Hacking URLs

How do you surf the web? Chances are that you’re like most people and you just click on links to move from page to page. Seems that most people don’t use the location bar in their browser. That’s the text box near the top of your browser window that contains the URL (or, in plain English, the address) of the current web page. Even less people realise that they can edit that address and thereby go to different pages. For example, if I follow a link to http://example.com/some/interesting/page and I then want to see more of the site I’ll often just edit the URL to remove “some/interesting/page” and end up at http://example.com/ which is hopefully the site’s main page.

For me, and most of my geekier friends, that’s a common part of our day. We’ll often poke around on sites like that. It’s not “hacking” (at least not in the nasty meaning of the word used by most mainstream media) it’s just curiousity.

But it looks like this has just become a potentially dangerous activity. On New Years Eve, Daniel Cuthbert was using the DEC web site to make a donation to the tsunami appeal. Something went wrong with his transaction and he became suspicious and began to think that the site might be a phishing site[1]. As a bit of a geek, he poked around on the site a bit to find out what was going on. After a couple of probes he gave up and thought no more of it.

But his probes had set off an intruder detection system and his actions were reported to the police. They were able to track him down using the details of his credit card and he was prosecuted under the Computer Misuse Act.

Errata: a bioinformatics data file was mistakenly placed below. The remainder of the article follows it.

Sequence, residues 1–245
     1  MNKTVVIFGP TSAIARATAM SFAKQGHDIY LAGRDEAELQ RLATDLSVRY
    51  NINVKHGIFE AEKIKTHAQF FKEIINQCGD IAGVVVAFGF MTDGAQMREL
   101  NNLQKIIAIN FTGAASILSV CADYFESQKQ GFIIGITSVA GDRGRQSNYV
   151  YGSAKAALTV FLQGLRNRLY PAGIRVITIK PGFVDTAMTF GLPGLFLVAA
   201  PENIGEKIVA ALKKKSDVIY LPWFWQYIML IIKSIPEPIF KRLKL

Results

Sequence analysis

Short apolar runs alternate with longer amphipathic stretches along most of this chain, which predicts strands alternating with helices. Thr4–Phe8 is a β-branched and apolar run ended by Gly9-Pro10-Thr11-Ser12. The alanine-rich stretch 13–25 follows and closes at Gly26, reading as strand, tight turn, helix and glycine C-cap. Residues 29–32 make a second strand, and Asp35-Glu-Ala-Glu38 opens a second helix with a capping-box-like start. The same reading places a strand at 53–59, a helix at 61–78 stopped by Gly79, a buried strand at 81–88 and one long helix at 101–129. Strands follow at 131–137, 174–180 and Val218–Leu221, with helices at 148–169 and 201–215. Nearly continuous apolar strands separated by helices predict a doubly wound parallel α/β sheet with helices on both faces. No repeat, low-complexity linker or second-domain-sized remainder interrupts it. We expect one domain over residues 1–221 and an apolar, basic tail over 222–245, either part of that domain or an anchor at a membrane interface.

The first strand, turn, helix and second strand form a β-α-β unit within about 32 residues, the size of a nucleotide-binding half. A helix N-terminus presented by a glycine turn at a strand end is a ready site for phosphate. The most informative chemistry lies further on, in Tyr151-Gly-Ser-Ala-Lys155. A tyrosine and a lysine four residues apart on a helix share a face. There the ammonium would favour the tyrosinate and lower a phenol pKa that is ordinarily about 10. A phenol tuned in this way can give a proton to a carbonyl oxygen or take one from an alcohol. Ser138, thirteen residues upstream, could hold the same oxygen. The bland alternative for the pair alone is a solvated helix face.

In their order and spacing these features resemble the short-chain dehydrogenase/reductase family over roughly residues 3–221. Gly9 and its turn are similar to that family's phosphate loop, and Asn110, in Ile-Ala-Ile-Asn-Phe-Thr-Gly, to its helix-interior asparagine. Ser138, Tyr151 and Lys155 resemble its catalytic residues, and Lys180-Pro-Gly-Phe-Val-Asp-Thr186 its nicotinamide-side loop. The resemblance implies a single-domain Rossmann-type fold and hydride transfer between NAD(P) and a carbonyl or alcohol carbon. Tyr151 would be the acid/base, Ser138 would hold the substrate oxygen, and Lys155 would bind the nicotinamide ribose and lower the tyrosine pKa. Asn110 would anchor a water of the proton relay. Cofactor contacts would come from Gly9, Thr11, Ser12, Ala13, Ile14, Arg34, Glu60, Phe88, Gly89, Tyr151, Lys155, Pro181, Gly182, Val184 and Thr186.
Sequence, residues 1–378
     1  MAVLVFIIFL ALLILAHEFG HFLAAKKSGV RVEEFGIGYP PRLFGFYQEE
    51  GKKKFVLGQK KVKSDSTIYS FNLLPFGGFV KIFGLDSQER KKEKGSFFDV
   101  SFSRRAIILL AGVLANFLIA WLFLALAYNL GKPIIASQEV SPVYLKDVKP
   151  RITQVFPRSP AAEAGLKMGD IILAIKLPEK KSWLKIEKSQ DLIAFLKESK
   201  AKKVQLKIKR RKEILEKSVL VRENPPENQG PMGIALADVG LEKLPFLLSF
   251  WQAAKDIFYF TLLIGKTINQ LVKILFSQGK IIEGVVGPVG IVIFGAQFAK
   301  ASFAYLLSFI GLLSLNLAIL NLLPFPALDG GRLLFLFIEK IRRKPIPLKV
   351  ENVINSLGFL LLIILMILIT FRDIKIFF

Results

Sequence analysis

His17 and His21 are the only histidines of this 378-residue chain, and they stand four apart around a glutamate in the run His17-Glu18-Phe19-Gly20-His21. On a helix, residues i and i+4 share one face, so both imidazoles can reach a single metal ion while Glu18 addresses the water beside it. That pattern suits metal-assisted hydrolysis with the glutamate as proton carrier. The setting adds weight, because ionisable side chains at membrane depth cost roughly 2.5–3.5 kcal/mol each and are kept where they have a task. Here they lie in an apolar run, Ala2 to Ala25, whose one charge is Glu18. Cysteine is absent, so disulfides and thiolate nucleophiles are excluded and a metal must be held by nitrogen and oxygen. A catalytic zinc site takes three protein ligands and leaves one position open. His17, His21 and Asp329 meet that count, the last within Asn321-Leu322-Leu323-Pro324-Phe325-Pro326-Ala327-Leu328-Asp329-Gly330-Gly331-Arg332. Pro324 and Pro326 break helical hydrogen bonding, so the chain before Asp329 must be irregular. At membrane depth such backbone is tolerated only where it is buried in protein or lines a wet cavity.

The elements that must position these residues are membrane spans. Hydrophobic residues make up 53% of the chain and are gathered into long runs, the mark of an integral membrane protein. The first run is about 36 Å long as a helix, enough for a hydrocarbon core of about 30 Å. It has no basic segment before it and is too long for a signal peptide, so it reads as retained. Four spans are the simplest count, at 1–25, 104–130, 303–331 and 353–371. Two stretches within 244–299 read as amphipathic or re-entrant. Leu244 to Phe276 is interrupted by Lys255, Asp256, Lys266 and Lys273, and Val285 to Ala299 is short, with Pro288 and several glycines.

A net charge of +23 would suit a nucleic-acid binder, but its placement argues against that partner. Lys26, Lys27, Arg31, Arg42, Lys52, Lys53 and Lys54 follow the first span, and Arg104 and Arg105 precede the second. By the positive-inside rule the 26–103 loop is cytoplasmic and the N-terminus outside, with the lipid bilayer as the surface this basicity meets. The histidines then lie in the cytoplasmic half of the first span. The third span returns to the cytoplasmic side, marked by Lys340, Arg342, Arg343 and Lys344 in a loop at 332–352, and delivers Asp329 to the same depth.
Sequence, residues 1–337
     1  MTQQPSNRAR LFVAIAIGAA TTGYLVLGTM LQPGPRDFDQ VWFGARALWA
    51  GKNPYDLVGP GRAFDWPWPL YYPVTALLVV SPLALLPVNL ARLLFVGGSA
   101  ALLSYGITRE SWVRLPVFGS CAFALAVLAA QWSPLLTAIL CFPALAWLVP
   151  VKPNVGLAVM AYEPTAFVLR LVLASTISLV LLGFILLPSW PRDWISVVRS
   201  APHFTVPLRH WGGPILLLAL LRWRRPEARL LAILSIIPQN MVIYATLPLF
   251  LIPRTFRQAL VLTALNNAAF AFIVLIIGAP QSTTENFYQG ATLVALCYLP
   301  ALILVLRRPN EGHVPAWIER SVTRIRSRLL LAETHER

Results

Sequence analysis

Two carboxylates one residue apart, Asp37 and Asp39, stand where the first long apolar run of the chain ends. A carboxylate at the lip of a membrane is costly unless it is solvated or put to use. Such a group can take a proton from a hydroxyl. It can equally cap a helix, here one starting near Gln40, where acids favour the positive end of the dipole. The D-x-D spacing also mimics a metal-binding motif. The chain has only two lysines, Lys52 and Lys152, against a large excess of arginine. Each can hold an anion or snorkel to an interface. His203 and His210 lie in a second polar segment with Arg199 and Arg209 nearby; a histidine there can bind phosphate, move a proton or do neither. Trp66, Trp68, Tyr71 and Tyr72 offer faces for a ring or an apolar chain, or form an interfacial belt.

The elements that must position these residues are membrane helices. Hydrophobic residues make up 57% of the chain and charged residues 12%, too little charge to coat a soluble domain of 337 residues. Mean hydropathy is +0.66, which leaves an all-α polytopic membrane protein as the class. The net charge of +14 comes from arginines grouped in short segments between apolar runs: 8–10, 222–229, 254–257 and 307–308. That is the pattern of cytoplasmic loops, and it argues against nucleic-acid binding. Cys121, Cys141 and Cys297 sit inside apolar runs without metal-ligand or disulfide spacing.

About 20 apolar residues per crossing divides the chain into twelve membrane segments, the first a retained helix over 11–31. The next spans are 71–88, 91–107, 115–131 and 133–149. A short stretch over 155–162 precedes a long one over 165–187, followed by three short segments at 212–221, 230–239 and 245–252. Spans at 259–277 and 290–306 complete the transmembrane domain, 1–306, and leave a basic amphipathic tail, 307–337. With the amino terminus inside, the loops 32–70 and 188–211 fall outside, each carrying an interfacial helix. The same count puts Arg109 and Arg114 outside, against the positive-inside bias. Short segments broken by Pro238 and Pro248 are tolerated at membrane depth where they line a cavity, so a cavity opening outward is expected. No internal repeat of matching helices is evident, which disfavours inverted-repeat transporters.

Here’s where it gets really surreal. Even though the judge accepted that there was no malicious intent in anything that Cuthbert had done, he said that he had no choice but to follow the letter of the law and to find Cuthbert guilty. He was fined £400 and ordered to pay £600 in costs. Full details of the case are here and there is comment from various security experts here.

I find this whole story incredible. There is now a precedent that says that any time you visit a web site in a way not foreseen by the site’s owners, you are liable to be prosecuted. And that might cost you £1,000. As someone who regularly “hacks” URLs, I now need to be a lot more careful about the sites that I visit. Any site could potentially be monitoring accesses and looking for unusual ones. Does this mean that every time I get a 404 error, I could get fined?

It also has potential impact on me as a site owner. All web sites come under attack. Every day my web servers get probed to see if they are running software that has security holes. I just shrug and ignore it. Should I report all of these to the police? Should I report all 404 errors to the police? Can the police handle the thousands of new reports they’ve just opened themselves up to each day? Haven’t they got more important things to do?

It just goes to show that laws which effect the ways that people use technology should really be written by people who understand that technology.

[1] A web site that pretends to be something it isn’t in order to get confidential information from visitors.

Update: More detail here and the original posting about the story (from January) is here.


  1. Have you seen the DEC site with Javascript turned off? It looks like a disaster in both Firefox and IE (no pun intended…really :).

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